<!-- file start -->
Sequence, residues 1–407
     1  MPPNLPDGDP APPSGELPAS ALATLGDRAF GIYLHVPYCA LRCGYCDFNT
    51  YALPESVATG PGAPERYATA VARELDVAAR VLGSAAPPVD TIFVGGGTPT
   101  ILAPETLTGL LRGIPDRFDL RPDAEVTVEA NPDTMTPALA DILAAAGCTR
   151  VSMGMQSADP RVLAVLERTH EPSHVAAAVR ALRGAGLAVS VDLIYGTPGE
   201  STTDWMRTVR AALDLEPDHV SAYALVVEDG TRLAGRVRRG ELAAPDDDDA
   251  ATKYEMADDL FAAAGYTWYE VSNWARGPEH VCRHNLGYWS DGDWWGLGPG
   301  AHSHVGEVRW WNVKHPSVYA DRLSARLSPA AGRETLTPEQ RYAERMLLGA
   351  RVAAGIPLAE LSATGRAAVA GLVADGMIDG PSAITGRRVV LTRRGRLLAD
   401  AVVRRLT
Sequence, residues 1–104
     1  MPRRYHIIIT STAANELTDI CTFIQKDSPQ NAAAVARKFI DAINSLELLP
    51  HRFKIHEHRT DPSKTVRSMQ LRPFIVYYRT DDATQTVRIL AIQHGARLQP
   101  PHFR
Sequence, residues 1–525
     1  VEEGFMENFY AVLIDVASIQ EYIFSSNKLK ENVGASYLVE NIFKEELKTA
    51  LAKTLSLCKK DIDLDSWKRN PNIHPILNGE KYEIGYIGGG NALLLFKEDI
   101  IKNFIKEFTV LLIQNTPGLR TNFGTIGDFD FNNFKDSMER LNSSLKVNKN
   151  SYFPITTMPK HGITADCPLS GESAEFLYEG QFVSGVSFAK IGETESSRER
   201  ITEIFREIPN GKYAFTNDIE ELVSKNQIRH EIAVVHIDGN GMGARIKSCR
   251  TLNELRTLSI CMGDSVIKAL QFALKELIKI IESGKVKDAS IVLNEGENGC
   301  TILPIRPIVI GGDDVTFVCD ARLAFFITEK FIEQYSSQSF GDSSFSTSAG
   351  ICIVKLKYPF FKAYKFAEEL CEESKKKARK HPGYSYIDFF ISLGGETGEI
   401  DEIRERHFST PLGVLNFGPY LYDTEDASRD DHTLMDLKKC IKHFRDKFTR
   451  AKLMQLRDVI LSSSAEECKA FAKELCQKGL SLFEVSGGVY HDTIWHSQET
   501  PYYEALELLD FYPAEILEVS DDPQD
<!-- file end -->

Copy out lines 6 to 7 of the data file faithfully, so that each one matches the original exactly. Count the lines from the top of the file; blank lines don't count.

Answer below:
   201  STTDWMRTVR AALDLEPDHV SAYALVVEDG TRLAGRVRRG ELAAPDDDDA
   251  ATKYEMADDL FAAAGYTWYE VSNWARGPEH VCRHNLGYWS DGDWWGLGPG